US Crude Oil Export Outlook

on November 06, 2014 at 12:00 PM

U.S. Trade Deficit Reaches All-Time High

The U.S. Department of Commerce’s (DOC) Bureau of Industry and Security (BIS) is the section in charge of regulating exports of crude oil. The U.S. is producing more oil than it has in the previous decades; however, a government ban on crude oil exports has created an oversupply, resulting in opportunities for numerous industry players.

The DOC BIS ruled earlier this year granting Pioneer Natural Resources and Enterprise Product Partners permission to export condensate, as it qualified as a product not covered by existing U.S. crude oil export restrictions. And a third company – BHP Billiton – was given the green light in November. Crude oil is generally barred from foreign sale and export. Distilling condensate into a refined petroleum product is a way around the current ban on crude oil exports. The DOC ruled that condensate can be exported with minimal processing, by the use of condensate splitters, which can process super-light oil into various products at a fraction of the cost compared to building multi-billion dollar refineries, most of which are currently configured to run heavier and sulfur rich oil. Recent reports indicate refiners spent upwards of $90 billion to retool facilities to process heavier and more sour (lower-quality) crude oil grades. The surge in drilling in the U.S. has created an abundance of light and sweet oil.

Crude stockpiles have climbed to record highs over the past several months. Many advocate for exporting the over-abundance of crude stemming from the increase in domestic drilling and hydraulic fracturing. The likelihood of DOC reversing its 1975 ban on crude exports remains questionable, and companies are submitting condensate export permits. Recently, the CEO of Pioneer Natural Resources spoke in favor of DOC issuing condensate export permits to other companies.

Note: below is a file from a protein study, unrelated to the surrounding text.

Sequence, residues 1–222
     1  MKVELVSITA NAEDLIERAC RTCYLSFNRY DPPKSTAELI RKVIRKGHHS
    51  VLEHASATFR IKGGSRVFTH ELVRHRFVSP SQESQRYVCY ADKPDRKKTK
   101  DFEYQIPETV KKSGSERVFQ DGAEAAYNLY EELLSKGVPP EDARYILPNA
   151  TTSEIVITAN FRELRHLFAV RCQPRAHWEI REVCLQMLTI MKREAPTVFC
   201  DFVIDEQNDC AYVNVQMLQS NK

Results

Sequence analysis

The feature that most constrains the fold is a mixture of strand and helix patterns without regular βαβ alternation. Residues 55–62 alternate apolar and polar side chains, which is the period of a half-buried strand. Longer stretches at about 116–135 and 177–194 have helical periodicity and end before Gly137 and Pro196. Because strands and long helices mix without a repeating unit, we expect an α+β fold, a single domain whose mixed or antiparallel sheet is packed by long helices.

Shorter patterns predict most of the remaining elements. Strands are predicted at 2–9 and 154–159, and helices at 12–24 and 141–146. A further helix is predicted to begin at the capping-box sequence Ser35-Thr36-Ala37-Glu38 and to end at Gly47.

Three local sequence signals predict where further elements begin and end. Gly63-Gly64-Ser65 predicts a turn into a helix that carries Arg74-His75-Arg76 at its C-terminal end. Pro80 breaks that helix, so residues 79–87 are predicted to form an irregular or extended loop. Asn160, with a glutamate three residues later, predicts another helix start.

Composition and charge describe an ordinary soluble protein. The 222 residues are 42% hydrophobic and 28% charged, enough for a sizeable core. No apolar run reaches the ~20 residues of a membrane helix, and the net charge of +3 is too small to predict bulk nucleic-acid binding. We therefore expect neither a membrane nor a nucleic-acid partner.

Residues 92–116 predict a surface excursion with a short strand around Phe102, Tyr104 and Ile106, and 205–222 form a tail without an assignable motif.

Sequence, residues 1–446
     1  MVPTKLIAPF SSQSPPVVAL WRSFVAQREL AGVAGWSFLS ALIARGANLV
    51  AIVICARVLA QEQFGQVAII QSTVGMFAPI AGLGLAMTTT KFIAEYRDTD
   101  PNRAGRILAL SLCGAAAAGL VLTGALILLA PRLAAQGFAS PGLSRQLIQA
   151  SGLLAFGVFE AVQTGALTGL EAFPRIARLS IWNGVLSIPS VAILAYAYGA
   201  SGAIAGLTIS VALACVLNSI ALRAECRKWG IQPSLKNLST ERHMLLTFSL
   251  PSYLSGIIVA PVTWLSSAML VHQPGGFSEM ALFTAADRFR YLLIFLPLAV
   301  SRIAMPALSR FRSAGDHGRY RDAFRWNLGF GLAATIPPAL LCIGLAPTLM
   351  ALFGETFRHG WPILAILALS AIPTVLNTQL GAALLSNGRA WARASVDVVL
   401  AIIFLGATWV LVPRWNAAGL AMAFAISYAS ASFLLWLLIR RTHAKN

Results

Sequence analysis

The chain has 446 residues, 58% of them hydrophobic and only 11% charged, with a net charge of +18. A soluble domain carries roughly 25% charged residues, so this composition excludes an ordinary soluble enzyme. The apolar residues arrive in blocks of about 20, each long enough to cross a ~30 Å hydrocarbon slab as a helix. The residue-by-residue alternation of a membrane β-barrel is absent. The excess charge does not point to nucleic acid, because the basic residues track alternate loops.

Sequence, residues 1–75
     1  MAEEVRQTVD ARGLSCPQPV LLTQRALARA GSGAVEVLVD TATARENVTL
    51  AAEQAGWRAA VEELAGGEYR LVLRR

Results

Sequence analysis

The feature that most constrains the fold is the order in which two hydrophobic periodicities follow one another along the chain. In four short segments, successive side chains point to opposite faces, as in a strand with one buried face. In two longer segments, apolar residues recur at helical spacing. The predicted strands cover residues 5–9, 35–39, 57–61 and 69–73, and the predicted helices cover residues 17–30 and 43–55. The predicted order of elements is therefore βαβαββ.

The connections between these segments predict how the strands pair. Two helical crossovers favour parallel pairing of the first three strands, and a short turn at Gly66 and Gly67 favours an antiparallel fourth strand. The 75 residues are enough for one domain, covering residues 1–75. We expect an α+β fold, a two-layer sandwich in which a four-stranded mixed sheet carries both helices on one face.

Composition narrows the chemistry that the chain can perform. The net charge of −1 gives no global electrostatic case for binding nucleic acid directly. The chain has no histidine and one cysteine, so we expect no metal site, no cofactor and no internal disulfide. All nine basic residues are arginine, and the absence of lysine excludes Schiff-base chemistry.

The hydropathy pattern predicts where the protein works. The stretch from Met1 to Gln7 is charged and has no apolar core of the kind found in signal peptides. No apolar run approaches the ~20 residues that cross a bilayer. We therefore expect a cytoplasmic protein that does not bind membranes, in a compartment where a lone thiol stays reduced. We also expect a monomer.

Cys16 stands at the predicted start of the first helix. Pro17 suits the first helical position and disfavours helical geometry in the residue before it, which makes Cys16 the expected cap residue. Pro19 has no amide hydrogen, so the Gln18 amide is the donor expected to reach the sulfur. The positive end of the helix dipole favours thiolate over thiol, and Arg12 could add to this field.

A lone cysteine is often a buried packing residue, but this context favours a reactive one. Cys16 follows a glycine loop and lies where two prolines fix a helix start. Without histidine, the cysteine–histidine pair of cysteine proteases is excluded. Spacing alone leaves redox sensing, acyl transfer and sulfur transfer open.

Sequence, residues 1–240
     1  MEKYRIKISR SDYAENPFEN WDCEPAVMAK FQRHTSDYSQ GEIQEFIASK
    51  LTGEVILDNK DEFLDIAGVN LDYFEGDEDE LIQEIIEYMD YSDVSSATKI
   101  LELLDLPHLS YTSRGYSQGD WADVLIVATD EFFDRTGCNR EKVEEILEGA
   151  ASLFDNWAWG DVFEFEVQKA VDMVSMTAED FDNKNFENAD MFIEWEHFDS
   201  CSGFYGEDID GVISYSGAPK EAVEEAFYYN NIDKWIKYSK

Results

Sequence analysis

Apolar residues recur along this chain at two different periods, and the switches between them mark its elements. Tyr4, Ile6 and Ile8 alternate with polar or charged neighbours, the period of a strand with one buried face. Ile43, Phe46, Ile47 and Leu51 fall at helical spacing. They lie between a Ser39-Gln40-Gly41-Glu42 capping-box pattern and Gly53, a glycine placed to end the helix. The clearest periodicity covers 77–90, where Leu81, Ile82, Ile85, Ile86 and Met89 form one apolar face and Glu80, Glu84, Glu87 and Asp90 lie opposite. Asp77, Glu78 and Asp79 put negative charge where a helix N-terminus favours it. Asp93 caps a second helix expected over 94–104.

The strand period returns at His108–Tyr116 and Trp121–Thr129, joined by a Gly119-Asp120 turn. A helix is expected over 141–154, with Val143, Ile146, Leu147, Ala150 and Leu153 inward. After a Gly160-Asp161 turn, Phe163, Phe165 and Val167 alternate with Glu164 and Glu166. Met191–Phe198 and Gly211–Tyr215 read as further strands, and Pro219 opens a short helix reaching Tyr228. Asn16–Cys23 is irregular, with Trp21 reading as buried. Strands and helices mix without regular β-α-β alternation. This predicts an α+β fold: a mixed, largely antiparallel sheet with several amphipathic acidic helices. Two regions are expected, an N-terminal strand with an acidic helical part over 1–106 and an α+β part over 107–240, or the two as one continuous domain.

Cheniere Energy recently reported to FuelFix that it’s considering building a condensate export facility in Texas, costing upwards of $600 million. The facility, possibly located along the La Quinta Ship Channel, would have both storage and shipping capabilities, exporting products such as diesel, kerosene, and naphtha (primarily a feedstock for producing high octane gasoline in the US, but it is also used as a petrochemical feedstock, particularly in Asia).

Exporting minimally processed condensate is seen by some as a test case while the U.S. reevaluates its crude oil export ban. The U.S. will be monitored by other countries as we decide how best to take advantage of our reinvigorated supply of energy resources. This vast new supply of oil and gas has increased the energy profile of the U.S. around the globe, with politicians and industry hoping to capitalize on these new successes.

With a limited domestic market for condensate, companies are looking abroad – as with other oil and gas products. Distilled condensate has recently been exported to South Korea, Singapore and Europe. Whether there is a change in the four-decade old ban on crude exports or not, the foreign market, especially Asia, could be a strong target for condensate when US-sourced imports of the commodity are competitive with local naphtha prices.

From the policy perspective, depending on production and forecasts, broader regulations on condensate exports and a possible relaxing of the ban on crude exports could be seen within the next 18 months.